The city of Kuna and the Ada County Highway District are at odds over a proposed Park N Ride lot in Kuna.
Despite having six items to cover in a pre-council workshop last week, the two sides spent all 90 minutes discussing just the one topic of the parking lot.
With nine ACHD Commuteride vans traveling out of Kuna every day, ACHD is looking for a 1- or 2-acre site to build a single parking lot to congregate vehicles. Currently, Commuteride vans meet passengers in four locations around Kuna, including the parking lots at Paul’s Market and the LDS church on Avalon Street.
Last year, ACHD identified Federal Transit Administration money to build a parking lot. ACHD began studying the issue in October and narrowed the list of potential sites to the following:
• Deer Flat Road, west of Hwy 69.
• Deer Flat Road, at School Avenue.
• Ten Mile Road, at Ardell Road.
• Ten Mile Road, north of Lake Hazel Road.
Last month, ACHD held an open house unveiling the four sites and soliciting feedback.
As was obvious at last week’s workshop, ACHD staff members and project team members favor the site at Deer Flat and Meridian roads. They cited interest among commuters who use Commuteride as well as a survey to which 29 people responded. In addition, ACHD owns a small portion of land at the site, and neighboring landowners expressed an eager willingness to sell to ACHD for the parking lot. Finally, ACHD staff members said this stretch of Deer Flat Road is a “poster child” for receiving funds from FTA, which is looking for projects to get cars off the road. They pointed to a photo of the traffic congestion at Deer Flat and Linder roads as an example of how a commuter parking lot would help alleviate such traffic.
Seems to all make sense, right? But city planning director Steve Hasson, Mayor Scott Dowdy and council members Lisa Bachman and Jeff Lang poked holes all over ACHD’s proposal.
First off, the city expressed disappointment that ACHD had not contacted the city right off the bat, back in October but waited until just a few weeks ago. After all, this is the city’s jurisdiction. Why not work closely with the city from the start?
Had they done that, Point No. 2, they would have learned that the site at Deer Flat and Meridian had already been planned, platted and approved by the city, bringing with it land use encumbrances, an LID assessment and a collector road running right through the middle of it.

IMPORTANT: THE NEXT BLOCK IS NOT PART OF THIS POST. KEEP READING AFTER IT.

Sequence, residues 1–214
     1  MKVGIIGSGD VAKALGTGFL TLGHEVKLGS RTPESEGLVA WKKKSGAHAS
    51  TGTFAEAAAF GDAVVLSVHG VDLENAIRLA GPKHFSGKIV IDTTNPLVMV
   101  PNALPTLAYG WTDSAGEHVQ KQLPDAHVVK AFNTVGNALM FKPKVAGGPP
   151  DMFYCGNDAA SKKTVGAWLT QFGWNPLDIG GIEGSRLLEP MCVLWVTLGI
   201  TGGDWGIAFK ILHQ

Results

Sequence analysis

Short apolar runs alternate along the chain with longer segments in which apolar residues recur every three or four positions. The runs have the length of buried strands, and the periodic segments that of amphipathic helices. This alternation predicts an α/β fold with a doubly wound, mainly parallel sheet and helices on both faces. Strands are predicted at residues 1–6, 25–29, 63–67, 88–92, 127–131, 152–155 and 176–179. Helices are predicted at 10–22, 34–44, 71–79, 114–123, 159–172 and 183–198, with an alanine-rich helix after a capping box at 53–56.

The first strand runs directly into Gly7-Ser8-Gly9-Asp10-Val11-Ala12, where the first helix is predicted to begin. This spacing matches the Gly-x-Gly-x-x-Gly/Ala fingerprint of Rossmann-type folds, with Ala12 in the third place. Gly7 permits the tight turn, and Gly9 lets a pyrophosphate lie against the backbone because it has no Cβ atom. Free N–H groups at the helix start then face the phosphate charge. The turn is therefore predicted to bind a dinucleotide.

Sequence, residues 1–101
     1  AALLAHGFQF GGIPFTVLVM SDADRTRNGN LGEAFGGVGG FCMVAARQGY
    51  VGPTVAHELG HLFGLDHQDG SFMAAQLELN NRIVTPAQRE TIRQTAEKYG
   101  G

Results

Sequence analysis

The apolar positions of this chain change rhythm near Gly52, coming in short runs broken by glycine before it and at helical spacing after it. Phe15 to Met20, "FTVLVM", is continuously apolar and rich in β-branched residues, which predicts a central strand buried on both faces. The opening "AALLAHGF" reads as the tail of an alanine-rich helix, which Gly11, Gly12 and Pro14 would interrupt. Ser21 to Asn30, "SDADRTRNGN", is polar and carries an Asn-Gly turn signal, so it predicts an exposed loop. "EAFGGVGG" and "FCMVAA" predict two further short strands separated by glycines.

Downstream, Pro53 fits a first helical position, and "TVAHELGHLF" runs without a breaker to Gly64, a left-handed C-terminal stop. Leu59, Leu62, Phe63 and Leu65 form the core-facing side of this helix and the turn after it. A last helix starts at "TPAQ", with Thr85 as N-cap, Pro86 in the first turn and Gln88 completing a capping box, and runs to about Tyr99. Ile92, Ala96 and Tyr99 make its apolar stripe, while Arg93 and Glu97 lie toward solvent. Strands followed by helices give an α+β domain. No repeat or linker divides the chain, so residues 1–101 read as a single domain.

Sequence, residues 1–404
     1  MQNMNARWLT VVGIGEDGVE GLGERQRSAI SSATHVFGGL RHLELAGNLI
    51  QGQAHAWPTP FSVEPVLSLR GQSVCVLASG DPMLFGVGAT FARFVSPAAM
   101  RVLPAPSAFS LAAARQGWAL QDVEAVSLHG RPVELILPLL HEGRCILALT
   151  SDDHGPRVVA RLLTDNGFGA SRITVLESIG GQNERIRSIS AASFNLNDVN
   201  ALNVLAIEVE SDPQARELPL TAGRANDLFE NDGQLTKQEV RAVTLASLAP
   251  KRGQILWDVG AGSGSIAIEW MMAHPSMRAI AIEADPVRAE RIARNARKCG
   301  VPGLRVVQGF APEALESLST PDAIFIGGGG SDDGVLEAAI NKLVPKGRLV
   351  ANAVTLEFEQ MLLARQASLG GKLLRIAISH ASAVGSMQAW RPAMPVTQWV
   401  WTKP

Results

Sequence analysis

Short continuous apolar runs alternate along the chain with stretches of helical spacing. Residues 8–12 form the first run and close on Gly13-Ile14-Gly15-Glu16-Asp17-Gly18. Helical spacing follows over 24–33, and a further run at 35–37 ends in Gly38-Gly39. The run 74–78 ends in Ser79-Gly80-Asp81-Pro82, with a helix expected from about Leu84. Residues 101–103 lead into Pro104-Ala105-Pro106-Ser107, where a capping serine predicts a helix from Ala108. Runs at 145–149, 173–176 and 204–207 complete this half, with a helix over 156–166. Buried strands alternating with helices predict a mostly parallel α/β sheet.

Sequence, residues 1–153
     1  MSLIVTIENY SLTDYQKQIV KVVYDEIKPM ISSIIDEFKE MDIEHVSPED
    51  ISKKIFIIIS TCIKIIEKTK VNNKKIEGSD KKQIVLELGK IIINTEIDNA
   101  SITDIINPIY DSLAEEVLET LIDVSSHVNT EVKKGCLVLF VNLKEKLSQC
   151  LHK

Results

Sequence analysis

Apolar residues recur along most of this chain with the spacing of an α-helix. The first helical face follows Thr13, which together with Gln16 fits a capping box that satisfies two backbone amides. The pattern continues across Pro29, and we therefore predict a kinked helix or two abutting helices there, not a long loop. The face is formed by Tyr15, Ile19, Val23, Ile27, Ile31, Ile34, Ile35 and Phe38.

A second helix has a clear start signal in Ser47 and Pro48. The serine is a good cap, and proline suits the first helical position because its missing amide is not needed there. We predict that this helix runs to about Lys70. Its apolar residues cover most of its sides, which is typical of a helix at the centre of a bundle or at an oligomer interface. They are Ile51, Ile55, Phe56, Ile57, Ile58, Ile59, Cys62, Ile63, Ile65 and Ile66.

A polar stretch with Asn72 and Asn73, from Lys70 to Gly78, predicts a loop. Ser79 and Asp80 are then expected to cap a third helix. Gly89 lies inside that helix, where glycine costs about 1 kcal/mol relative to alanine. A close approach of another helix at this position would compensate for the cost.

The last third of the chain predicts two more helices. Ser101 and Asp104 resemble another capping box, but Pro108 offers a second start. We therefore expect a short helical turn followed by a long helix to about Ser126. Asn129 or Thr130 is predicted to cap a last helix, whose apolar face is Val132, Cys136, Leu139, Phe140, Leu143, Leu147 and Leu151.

Third, much — if not most — of the problem traffic at Deer Flat and Linder is caused by people going to the high school, which wouldn’t be alleviated by a park n ride lot, Lang pointed out.
Another point that wasn’t brought up is that by putting a parking lot at Deer Flat and Meridian, you’d actually be adding as many as 100 cars to the area from the Commuteride passengers who are now driving to Avalon Street.
The city, rightly in my mind, favors Ten Mile Road for the parking lot. City Council members voted for Ten Mile and Ardell as their first preference, Ten Mile and Lake Hazel as their second choice.
Personally, I favor Ten Mile and Lake Hazel. For starters, the city of Kuna already owns the land, so no money would have to be used to purchase or lease any land. Next, the city has already planned for a park n ride lot on this land. Also, once the Ten Mile interchange with I-84 is completed this summer, Ten Mile will become a major thoroughfare in the future for Kuna, likely a route for many commuters. Finally, it likely will be much easier for Valley Regional Transit to divert a bus a couple of miles down Ten Mile Road and back up to its usual route than it would be to drive some six miles to Deer Flat Road and back up to Overland.
ACHD staff did make some valid points that shouldn’t be overlooked. One is that a parking lot can be an economic stimulus to the immediate area, as commuters will tend to pick up dry cleaning or dinner near where they park their car. If the city is interested in getting the so-called Profile Ridge development jumpstarted, their ears should perk up at that argument.